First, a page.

4. When cool, put one sponge on a serving plate, then spread with jam. Sandwich the second sponge on top. Sieve the icing sugar into a large bowl. Add the water or lemon juice, then stir until smooth and thick. Spread evenly over the top and let it dribble over the sides. Scatter with the nuts and leave to set for a few mins before cutting.

    You may also like

    Comments, questions and tips

    Sign in or create your My Good Food account to join the discussion.
    Gezza Hernandez's picture
    Gezza Hernandez
    6th Aug, 2020
    First cake I've ever made! It was fantastic, even though I say it myself. Inspired to make others now.
    Bobik Bobik's picture
    Bobik Bobik
    12th May, 2020
    Very good!I made it it was delicous!
    30th Sep, 2019
    Lovely cake, straight forward to make. Used black cherry conserve instead of morello cherry (it was the only one the shop had) and it was delicious! Not too sweet either! Looking forward to making it again.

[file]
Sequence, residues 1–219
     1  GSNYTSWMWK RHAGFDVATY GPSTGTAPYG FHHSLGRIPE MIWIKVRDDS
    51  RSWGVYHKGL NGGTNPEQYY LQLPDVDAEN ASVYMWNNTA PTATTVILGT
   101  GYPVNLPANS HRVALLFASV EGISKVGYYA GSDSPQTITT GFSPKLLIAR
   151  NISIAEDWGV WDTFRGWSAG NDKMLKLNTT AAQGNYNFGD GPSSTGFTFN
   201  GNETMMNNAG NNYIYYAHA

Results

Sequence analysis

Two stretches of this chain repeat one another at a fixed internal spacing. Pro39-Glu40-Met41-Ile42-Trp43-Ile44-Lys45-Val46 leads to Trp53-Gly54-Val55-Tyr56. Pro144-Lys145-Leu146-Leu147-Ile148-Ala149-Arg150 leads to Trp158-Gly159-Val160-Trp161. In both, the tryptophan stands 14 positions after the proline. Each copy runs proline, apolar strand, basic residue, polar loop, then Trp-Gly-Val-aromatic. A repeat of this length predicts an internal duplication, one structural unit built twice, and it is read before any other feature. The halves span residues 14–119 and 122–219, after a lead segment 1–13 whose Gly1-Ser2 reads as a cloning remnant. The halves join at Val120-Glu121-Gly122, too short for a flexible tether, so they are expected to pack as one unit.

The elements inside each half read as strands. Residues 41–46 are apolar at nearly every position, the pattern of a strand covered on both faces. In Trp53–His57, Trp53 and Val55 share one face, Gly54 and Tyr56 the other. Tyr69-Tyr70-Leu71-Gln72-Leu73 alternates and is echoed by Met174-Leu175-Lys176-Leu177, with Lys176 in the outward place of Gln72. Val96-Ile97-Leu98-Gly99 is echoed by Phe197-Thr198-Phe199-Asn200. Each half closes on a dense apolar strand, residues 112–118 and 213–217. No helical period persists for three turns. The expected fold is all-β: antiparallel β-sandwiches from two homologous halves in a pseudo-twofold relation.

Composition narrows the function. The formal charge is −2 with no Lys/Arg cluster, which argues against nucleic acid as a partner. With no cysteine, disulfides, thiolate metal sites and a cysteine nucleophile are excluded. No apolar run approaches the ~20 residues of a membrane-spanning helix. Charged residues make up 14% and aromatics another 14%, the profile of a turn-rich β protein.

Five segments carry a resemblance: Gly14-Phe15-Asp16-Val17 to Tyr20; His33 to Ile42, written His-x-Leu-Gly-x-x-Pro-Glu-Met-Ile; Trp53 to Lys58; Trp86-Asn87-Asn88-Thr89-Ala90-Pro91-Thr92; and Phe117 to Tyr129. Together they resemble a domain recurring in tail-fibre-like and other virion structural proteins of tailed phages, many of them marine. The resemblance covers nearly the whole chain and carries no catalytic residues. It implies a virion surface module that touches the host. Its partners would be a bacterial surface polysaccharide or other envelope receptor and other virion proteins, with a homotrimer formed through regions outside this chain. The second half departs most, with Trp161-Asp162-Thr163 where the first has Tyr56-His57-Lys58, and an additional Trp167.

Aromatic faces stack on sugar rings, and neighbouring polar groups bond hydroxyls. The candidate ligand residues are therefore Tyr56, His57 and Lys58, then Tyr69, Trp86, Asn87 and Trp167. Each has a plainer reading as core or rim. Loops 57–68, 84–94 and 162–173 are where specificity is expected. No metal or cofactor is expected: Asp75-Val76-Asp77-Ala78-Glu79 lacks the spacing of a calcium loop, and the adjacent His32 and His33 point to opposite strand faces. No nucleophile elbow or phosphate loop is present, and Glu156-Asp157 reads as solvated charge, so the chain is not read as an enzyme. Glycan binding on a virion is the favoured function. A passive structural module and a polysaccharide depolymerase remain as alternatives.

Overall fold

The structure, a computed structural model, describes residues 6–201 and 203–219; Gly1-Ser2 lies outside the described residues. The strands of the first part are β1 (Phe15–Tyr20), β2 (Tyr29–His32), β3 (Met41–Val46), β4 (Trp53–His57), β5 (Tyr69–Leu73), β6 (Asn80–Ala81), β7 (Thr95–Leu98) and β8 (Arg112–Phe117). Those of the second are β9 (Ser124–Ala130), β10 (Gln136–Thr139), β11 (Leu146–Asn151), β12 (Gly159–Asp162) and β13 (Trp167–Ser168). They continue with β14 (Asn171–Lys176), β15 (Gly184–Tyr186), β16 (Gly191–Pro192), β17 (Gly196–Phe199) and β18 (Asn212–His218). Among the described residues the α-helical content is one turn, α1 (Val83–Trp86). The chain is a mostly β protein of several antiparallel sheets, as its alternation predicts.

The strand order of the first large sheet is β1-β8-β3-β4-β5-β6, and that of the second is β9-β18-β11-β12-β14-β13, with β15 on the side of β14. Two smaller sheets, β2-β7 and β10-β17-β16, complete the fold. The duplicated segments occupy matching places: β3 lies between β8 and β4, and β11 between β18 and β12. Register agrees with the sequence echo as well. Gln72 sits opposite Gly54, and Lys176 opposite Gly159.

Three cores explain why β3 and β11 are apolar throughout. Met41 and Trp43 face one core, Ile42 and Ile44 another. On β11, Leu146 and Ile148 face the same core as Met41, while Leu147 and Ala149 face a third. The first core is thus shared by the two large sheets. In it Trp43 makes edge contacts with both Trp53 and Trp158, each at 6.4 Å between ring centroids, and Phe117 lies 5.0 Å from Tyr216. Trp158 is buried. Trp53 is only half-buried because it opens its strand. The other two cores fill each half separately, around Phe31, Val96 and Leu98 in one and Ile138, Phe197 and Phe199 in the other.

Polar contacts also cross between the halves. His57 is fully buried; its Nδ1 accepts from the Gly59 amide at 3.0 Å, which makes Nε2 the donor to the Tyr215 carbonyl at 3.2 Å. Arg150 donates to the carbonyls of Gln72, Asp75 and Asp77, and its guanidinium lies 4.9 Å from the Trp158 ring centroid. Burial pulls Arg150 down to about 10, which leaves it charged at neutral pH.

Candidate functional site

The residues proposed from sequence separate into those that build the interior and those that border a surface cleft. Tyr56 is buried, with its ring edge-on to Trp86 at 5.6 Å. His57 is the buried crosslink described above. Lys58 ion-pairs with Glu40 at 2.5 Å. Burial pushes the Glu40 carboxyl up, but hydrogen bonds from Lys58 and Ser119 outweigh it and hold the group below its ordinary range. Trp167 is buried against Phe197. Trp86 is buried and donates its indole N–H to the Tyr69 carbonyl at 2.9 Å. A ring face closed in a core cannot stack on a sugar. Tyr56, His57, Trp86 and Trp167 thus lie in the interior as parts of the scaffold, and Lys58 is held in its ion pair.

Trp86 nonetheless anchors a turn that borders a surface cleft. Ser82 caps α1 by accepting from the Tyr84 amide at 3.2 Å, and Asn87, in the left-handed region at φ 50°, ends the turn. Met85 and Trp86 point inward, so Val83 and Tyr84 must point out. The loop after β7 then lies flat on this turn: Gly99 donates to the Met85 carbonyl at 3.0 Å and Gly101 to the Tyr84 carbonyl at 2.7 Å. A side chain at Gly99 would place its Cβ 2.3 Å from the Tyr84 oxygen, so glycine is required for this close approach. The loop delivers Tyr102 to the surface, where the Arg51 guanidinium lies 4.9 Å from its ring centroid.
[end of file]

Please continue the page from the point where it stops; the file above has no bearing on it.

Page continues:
vintagemunchkin's picture
    19th Jul, 2019
    Have made this twice - 3 tiers both times. It’s lovely and quick to make and I have used cherry jam and raspberry jam on different occasions. Looks fab and tastes delicious. As someone commented it’s an easy one to do with children.
    15th Mar, 2019
    This cake never fails. I have made it many times and its always a hit and has become a firm family favourite. We have also made the mixture into cupcakes with a cherry jam core which works equally well. I have increased the mixture and also made a three tier celebration cake sandwiched together with lemon curd and macarpone instead of the jam, topped with fresh flowers it looked beautiful and was delicious. Such an easy cake to make and stays so moist if making a few days ahead.
    31st Mar, 2019
    I was just thinking how it would work with lemon curd
    15th Sep, 2018
    Have made this cake a few times over the past few months following the recipe, although the individual cakes appear thin, when filled with jam and joined together it makes a decent size. Everyone comes back for seconds and it keeps well for a few days. Delicious.
    3rd Feb, 2018